So now, I am going to take a look at Gilbert and Gubar who asserted that women have “anxiety of authorship” as opposed to “anxiety of influence” due to a lack of predecessors. Adolescents are told that they need to be fully developed before they try to achieve anything outside of academics, for this reason, there are very few examples of canonical writing by adolescents. More time should be allowed for students to generate literary work. I know several who would and many others who would not, but we ought to open the doors for students to actually create something substantial, rather than roping them into the impersonality of the school system. It is possible that there could be an adolescent literary cannon.

Cixous has said that women need to write themselves because no one else will. Once again, same to adolescents. Yet we do have young adult fiction. But this is not written by teens, it merely enforces the stereotypes because it entertains themes of: identity, sexuality, science fiction, depression, suicide, drug abuse, alcohol abuse, familial struggles, bullying, and many others. Many of these are relevant to adolescents, but unless they are written by adolescents, the experience cannot really represent the adolescents of today with an inside perspective. Even I could not write a young adult novel that would really be applicable on a deep level to the teens of today. They are practically born with cell phones in their hands. I didn’t have a phone until I was in high school and I didn’t text often or have a Facebook account until I was a high school senior.

There might be a new way to think about adolescence if we take a look at bell hooks’s essay Postmodern Blackness. We need a postmodern adolescence, a more fluid look at what it can mean to be a person that has been alive for 12-21 years. Adolescents are not biologically inclined toward the tendencies that have been constructed to represent their essence. Hooks suggests that there is both a lack of interest by blacks in participating in the critical canon and that there is a lack of audience. So for teens is it a lack of audience or lack of interest? I would argue both. In the present system it would be difficult for students to feel that critical studies are relevant to them. Hence the proverbial student question: How is this relevant to my life? Hooks also says that rap is where many black people find their critical voice. So is there a critical outlet for other adolescents too?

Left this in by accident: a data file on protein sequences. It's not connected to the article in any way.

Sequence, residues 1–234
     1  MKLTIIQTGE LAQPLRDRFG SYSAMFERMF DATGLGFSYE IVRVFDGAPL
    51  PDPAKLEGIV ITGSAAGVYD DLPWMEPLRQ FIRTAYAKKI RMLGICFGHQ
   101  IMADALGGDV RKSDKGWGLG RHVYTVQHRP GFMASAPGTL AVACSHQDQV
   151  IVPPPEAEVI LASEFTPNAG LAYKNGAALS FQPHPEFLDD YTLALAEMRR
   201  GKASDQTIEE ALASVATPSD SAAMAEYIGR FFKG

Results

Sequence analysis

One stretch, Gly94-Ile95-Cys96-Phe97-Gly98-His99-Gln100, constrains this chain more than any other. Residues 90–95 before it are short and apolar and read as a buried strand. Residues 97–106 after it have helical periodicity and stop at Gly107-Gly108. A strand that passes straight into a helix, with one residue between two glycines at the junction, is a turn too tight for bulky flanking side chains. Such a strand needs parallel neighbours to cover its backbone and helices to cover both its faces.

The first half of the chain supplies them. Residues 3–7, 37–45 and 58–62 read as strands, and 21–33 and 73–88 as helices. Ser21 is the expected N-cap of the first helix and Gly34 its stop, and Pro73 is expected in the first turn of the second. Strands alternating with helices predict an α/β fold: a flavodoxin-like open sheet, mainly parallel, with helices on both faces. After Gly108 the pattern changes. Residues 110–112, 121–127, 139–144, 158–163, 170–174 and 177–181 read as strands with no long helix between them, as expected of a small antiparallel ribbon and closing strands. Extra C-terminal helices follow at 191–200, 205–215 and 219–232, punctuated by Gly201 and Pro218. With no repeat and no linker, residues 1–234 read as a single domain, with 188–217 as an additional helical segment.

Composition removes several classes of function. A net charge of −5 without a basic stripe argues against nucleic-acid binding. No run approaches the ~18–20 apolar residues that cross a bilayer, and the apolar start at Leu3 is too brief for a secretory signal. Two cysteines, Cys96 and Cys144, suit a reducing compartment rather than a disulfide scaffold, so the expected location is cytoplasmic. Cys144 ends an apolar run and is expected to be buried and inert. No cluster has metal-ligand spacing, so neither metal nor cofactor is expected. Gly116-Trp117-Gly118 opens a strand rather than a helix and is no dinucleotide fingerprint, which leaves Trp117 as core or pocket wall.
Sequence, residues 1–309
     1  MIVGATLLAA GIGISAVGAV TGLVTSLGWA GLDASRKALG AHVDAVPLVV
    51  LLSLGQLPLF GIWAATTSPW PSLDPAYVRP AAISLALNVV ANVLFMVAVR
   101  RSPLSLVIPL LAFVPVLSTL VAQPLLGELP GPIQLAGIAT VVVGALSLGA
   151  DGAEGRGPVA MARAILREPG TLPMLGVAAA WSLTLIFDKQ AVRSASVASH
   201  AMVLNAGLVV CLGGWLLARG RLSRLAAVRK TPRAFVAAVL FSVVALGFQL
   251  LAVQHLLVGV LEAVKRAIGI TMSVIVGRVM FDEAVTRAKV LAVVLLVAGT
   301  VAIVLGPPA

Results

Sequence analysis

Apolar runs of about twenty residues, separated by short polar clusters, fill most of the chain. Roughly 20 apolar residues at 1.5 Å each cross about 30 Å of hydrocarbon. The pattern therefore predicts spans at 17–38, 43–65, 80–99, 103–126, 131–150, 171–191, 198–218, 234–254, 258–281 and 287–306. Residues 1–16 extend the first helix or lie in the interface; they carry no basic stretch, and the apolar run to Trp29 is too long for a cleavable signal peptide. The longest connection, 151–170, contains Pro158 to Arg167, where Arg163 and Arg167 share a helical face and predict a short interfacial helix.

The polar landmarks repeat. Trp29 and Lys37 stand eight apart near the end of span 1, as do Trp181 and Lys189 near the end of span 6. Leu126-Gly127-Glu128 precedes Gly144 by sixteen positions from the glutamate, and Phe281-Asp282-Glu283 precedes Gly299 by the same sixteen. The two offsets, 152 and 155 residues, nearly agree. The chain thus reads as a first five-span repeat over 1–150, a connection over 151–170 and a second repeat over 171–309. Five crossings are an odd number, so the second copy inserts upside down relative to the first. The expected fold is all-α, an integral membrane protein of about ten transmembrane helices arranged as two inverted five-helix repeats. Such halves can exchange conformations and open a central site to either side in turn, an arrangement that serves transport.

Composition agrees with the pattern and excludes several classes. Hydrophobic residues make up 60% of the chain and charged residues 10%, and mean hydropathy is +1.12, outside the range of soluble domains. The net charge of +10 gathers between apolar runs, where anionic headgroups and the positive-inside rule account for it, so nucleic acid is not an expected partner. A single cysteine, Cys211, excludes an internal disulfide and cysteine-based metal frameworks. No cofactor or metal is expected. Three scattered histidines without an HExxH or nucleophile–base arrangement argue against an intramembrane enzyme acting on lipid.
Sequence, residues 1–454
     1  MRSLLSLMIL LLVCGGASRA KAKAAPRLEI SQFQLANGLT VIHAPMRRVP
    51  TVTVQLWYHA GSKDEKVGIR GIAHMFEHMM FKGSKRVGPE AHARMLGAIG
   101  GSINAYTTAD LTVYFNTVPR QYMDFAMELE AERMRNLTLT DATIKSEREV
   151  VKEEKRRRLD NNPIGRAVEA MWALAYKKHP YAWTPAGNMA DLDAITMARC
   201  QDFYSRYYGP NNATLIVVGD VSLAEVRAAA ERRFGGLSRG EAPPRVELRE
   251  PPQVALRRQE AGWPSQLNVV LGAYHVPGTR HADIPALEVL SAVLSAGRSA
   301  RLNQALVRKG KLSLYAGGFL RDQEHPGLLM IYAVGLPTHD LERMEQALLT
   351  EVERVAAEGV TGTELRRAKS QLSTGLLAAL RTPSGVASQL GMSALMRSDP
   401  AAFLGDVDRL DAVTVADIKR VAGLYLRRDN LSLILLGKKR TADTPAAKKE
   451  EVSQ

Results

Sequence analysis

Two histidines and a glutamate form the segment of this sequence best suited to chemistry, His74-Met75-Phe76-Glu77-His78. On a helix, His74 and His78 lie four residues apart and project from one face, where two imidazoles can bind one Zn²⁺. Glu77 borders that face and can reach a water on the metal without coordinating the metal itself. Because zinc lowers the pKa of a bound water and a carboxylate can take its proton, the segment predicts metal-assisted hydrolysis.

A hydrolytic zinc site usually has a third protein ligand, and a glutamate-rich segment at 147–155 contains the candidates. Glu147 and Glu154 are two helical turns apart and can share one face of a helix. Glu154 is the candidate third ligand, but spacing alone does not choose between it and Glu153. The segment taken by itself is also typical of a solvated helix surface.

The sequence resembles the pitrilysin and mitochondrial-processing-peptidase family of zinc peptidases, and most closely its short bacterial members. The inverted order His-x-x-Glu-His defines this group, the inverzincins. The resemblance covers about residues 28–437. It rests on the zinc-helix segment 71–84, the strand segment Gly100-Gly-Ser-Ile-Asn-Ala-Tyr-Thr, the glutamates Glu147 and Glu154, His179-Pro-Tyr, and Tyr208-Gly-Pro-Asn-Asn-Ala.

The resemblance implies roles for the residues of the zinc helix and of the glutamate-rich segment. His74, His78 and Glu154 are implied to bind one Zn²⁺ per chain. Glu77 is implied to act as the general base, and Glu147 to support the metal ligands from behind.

This meme in itself makes the argument that these outlets really are the adolescent venting of their sense of otherness.

Youtube, social media, and memes are the critical channels for today’s adolescents.

Another helpful theorist is Gloria Anzaldúa, this age discrimination might also be helped by her idea of the Mestiza. The idea of adolescence as an inferior state also makes it a candidate for Anzaldúa’s list of liminal identities that make up the mestiza. It is important that the adolescents on the fringes who are most oppressed by the current situation focus on their overlap with people who take part in other liminal identities.

So what about the Cultural Critics? They must be important to this discussion since they spend so much time analyzing youth and their subcultures. I think Stuart Hall’s notion of the distinctions between politics and theory is important to make. Theory, he argues, should always be open, but any political move requires what he calls “arbitrary closure.”  Education is a political thing. It requires some sort of arbitrary closure to make learning happen, and education is important. What we need to do is to keep the theory open to the fact that adolescence is an arbitrary construction based upon a political action.

What Hebdige actually takes note of in his analysis of subcultures is the “Otherization of teens.” They are disarmed through the idea that their garb is “meaningless exotica.” The term exotica shows, in fact the otherization of these groups. They must be otherized in order to be incorporated. This incorporation hinders the ability of kids to actually have powerful political ideas. So this is just one more way that adolescents remain unempowered.

Because culture expects so little of its adolescents, we end up with hordes of directionless teens who turn to media to give them a sense of well-being. The media does not challenge them to move out of this identity. It preserves their adolescent state. The first step in undoing this construction is revamping the educational system. We need to teach them that even before adulthood, they can have real-world accomplishments. That is where feminism began, with education, way back when with Christine de Pizan and Mary Wollestonecraft.

Although patriarchy may seem to have Biblical support, at least the good book is on the side of adolescents:

“Let no one despise you for your youth, but set the believers an example in speech, in conduct, in love, in faith, in purity” (1 Timothy 4:12).


About Jacquelyn Barnes

Former English Literature and Writing major at Whitworth University. Spanish Language minor. Browne's Addition Resident. Editorial Assistant at Gray Dog Press. Interested in postcolonial, multicultural, and feminist theories. Former ski racer. Longboarder. Runner. Member of Vintage Faith Community Church (we have no building). Painter. Morning person. View all posts by Jacquelyn Barnes